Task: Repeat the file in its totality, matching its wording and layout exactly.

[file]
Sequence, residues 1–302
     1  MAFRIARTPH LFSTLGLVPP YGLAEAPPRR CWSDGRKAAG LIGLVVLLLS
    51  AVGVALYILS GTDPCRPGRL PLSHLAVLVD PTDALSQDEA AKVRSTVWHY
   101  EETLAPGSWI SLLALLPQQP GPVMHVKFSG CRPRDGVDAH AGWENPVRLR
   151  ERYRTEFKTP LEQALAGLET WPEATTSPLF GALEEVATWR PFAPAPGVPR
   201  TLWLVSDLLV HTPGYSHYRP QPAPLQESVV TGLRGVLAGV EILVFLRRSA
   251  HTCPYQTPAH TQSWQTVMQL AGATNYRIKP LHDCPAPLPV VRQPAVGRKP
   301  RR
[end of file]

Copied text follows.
Sequence, residues 1–302
     1  MAFRIARTPH LFSTLGLVPP YGLAEAPPRR CWSDGRKAAG LIGLVVLLLS
    51  AVGVALYILS GTDPCRPGRL PLSHLAVLVD PTDALSQDEA AKVRSTVWHY
   101  EETLAPGSWI SLLALLPQQP GPVMHVKFSG CRPRDGVDAH AGWENPVRLR
   151  ERYRTEFKTP LEQALAGLET WPEATTSPLF GALEEVATWR PFAPAPGVPR
   201  TLWLVSDLLV HTPGYSHYRP QPAPLQESVV TGLRGVLAGV EILVFLRRSA
   251  HTCPYQTPAH TQSWQTVMQL AGATNYRIKP LHDCPAPLPV VRQPAVGRKP
   301  RR